Gender bias is a common form of unconscious bias in the workplace. It can manifest as women being treated less seriously than men, or being passed over for promotions in favor of men. Racial bias can also be a problem in the workplace, with people of color being unfairly treated or excluded from opportunities.
Have a think about your own workplace, and any ‘unconscious patterns’ it might have.
Maybe your workforce is quite young, with very few employees over a certain age. Perhaps there are a lot more men than women, or the other way around?
Maybe quite a few of your team are from the same race, or have the same cultural background? It can be as subtle as many of you having similar personalities and opinions. If any obvious patterns have jumped out at you, can you see the disadvantages?
Studies show that diversity is a competitive advantage for organisations. It's actually best to draw ideas from a range of people who bring different skills, opinions and experience to the table.
How can you test for unconscious bias?
There are a few different ways that you can test for unconscious bias. One way is to use the Implicit Association Test, which measures the strength of your associations between certain concepts and groups of people; https://implicit.harvard.edu/implicit/takeatest.html. Another way is to take a look at your own behavior and see if you're exhibiting any signs of prejudice or discrimination. Finally, you can ask yourself whether or not you're making any assumptions about people based on their race, gender, sexuality, or other factors. If you're not sure whether or not you're biased, it's always best to err on the side of caution and assume that you might be.
Ways to reduce unconscious bias
As with any new skill, reducing bias and building an inclusive culture takes time and practice. To combat unconscious bias, we need to be aware of its existence and be willing to examine our own beliefs. We can also try to become more exposed to people and experiences that are different from our own.
Self-awareness is a vital step - if you observe what your mind and body are doing when they think you’re not paying attention, you’ll end up finding patterns in your behaviour. For example, if two different colleagues ask you a similar question - and the first irritates you but the other doesn’t - ask yourself WHY. If you can’t find a valid reason for your reaction, think back to the common biases. Remember that none of us can help having biases, so it does no good to judge yourself or others for it. But you need to know why it’s there, and if it’s fair.
You can eliminate bias at the first stage of the employment lifecycle by advertising a vacancy in different ways and on different platforms so it’s available to a range of people - minority groups need to be able to access it. Also, don't put anything in the job description that isn't needed, only include the things that matter, your aim is to recruit the person with the right skills and experience that are needed for the role.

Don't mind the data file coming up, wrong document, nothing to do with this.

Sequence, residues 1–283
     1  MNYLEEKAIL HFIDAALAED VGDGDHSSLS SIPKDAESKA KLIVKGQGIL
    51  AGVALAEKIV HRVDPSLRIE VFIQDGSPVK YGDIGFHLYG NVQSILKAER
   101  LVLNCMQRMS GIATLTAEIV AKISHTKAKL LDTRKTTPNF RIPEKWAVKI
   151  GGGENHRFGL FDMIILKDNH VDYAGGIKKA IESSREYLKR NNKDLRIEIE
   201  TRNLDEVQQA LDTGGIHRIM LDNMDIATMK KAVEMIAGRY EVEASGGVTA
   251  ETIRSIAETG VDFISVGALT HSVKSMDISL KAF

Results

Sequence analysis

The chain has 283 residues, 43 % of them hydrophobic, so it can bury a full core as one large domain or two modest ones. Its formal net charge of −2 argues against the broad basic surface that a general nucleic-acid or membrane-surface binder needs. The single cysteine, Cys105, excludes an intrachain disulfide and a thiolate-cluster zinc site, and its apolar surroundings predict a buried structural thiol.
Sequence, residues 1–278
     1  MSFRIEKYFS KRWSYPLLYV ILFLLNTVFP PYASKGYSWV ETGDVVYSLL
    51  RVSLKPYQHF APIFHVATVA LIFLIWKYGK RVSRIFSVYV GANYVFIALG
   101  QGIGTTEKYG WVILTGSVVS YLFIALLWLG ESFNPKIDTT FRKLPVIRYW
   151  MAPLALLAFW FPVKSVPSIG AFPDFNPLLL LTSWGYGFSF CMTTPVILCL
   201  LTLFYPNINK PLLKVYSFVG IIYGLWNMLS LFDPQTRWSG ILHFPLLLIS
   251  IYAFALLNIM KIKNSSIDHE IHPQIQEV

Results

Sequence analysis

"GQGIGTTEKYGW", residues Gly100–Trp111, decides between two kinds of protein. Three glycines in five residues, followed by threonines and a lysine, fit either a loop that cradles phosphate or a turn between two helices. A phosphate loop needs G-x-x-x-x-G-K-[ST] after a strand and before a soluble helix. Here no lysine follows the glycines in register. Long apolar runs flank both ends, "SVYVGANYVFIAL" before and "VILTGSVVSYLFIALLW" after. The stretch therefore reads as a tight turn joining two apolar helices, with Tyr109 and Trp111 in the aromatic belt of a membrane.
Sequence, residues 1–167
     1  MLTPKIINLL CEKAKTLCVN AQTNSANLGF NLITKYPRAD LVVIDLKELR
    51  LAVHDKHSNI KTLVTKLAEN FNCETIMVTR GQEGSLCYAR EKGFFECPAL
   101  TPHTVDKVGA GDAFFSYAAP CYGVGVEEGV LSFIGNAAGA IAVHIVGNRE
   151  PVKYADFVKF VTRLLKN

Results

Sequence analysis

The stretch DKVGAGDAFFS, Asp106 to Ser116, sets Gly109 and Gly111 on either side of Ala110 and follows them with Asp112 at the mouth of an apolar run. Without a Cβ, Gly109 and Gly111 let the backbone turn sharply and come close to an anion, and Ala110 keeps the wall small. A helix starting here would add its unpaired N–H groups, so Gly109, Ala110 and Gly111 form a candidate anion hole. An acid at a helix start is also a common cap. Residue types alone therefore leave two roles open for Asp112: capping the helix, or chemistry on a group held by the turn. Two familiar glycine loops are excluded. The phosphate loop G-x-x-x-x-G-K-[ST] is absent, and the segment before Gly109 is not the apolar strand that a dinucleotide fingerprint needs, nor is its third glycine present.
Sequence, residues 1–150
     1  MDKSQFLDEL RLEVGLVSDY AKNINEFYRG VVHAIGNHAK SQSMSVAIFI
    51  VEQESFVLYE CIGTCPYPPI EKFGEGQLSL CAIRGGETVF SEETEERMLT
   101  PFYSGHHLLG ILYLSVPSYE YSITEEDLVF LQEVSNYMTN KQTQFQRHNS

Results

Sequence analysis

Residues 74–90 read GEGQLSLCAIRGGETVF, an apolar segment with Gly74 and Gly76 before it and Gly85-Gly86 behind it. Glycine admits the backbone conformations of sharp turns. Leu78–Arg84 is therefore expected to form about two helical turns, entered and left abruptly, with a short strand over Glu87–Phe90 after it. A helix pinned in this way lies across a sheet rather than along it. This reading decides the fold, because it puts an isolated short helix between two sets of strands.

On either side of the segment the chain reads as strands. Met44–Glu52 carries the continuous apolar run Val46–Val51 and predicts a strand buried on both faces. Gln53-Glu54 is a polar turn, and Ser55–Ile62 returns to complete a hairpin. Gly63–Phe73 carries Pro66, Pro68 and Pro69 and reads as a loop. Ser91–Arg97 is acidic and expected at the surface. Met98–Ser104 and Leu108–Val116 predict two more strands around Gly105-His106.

One other way to combat bias is to make decisions based on facts and evidence and not on stereotypes, Ensure you have systems in place to collect facts and evidence to base your decisions on, this is particularly important during the recruitment stage and can be easily achieved by using scoring systems for shortlisting and interviews and by recorded notes. You can also apply this method to reduce selective thinking/memory during staff appraisals by making notes of what you need to discuss before the meeting, and make notes during the meeting if you need to. At the end of the meeting, make sure both sides take it in turns to repeat the key points that they heard the other one say, so if anything has been missed out, or misunderstood, it can be sorted out there and then.
It's also a good idea to look into your organisation's policies, procedures and work practices to see if any of them encourage stereotyping or negative behaviour patterns. This could be something as simple as two departments having a problem with each other because they're treated differently by management.
Understanding unconscious bias is important because it can help us to recognise when we might be making judgments that are not fair or accurate. The Royal Society has produced a video that explores some of the ways in which unconscious bias can operate, and how we can begin to address it; https://www.youtube.com/watch?v=PYaK1WphTuk
Ultimately it's down to you and every individual within your organisation to make a commitment to constantly look for and challenge bias.